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My doubt pertains to the usage of termination resistors. This is a continuation of the discussion I saw in this link - Termination resistor.

I understand that any transmission line can be simulated using a set of LC components (viz a number of tank circuits).

When it says a transmission line, it can also mean a microstrip, right ? Because a microstrip can also send a high speed signal, right ?So, does that mean I will need a termination resistor even in a microstrip ?

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    \$\begingroup\$ If you can live with reflections that are produced when the termination is not there, you dont need it \$\endgroup\$ – PlasmaHH Jan 28 '16 at 14:04
  • \$\begingroup\$ @PlasmaHH. So even microstrips need a termination resistor you mean ? Now, wouldnt that just ground the signal ?This is nothing buta resistor from the microstrip to ground, right ? \$\endgroup\$ – Board-Man Jan 28 '16 at 14:13
  • \$\begingroup\$ They don't "need" termination, if the results of omitting them are negligible to the performance of the circuit. \$\endgroup\$ – rdtsc Jan 28 '16 at 14:22
  • \$\begingroup\$ @Board-Man: microstrips don't really work like the classical electrical connections where you want currents flow, it is more that you direct electric fields in certain ways. As such you have to take the load impedance into account and according to that design it in a way that you don't have signals (e.g. reflections) going into places where you don't want them, which sometimes means shunting them to ground so they do not bounce. But if that bouncing field gets attenuated enough on its way back anyways, there is no need for it. \$\endgroup\$ – PlasmaHH Jan 28 '16 at 14:22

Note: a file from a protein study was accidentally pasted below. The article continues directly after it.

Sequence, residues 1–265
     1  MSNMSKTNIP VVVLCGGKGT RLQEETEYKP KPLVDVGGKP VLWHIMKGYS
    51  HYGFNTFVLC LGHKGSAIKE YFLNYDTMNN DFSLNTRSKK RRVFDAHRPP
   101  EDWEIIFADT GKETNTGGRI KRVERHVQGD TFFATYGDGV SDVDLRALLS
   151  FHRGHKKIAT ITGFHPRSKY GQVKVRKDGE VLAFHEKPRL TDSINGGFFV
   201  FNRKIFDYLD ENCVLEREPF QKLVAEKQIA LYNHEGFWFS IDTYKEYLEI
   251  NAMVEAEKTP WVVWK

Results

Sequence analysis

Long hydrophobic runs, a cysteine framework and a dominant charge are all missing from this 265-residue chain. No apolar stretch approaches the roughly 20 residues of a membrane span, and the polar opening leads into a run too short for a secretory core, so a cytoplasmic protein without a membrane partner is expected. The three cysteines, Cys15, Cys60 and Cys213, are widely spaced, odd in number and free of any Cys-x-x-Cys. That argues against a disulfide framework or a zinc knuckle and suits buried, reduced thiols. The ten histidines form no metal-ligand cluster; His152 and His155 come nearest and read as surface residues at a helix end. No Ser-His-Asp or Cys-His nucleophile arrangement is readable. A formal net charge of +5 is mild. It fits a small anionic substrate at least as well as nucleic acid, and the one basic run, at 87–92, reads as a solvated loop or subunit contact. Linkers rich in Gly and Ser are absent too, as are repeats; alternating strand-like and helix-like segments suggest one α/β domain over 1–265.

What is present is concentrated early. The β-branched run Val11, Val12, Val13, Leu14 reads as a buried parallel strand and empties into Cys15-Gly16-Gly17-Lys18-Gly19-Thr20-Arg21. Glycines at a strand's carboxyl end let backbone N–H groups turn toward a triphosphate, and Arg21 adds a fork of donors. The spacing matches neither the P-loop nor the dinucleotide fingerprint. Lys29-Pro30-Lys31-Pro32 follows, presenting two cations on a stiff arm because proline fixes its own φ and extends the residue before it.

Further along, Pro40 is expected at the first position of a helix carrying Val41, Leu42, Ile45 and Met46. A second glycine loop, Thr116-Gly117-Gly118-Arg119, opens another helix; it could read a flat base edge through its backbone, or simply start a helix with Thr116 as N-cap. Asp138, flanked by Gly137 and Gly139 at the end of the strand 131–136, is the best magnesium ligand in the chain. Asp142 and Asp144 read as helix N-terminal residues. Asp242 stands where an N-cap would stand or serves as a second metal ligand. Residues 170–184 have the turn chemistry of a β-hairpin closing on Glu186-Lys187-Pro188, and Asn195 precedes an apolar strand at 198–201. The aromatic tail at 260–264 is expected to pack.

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A microstrip is a variant of a transmission line. Just like a piece of Coaxial cable it a variant of a transmission line.

A transmission line transports a signal (from A to B) without affecting it (except for some attenuation) but only when used properly.

How to use a transmission line properly ?

  • At the input side use the proper source impedance when applying the signal.

  • At the output side use the proper termination impedance to ground.

If these conditions are not met, you will get signal reflections.

For example, if you do not place the proper termination at the end of the transmission line, part of the signal reflects back and distorts your signal. When the proper termination resistor to ground is present, it will appear as if the transmission line "goes on for infinite length" and there will be no reflections.

This also applies to a microstrip line so yes, you need to terminate it properly. Unless you want or you can tolerate to have signal reflections of course !

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  • \$\begingroup\$ Ought to mention the special case that when there's a single point of reception, you can use a series termination resistor at the sending end. The reflection from the o/c receiving end is part of the mechanism of getting the correct signal. \$\endgroup\$ – Neil_UK Jan 28 '16 at 14:34

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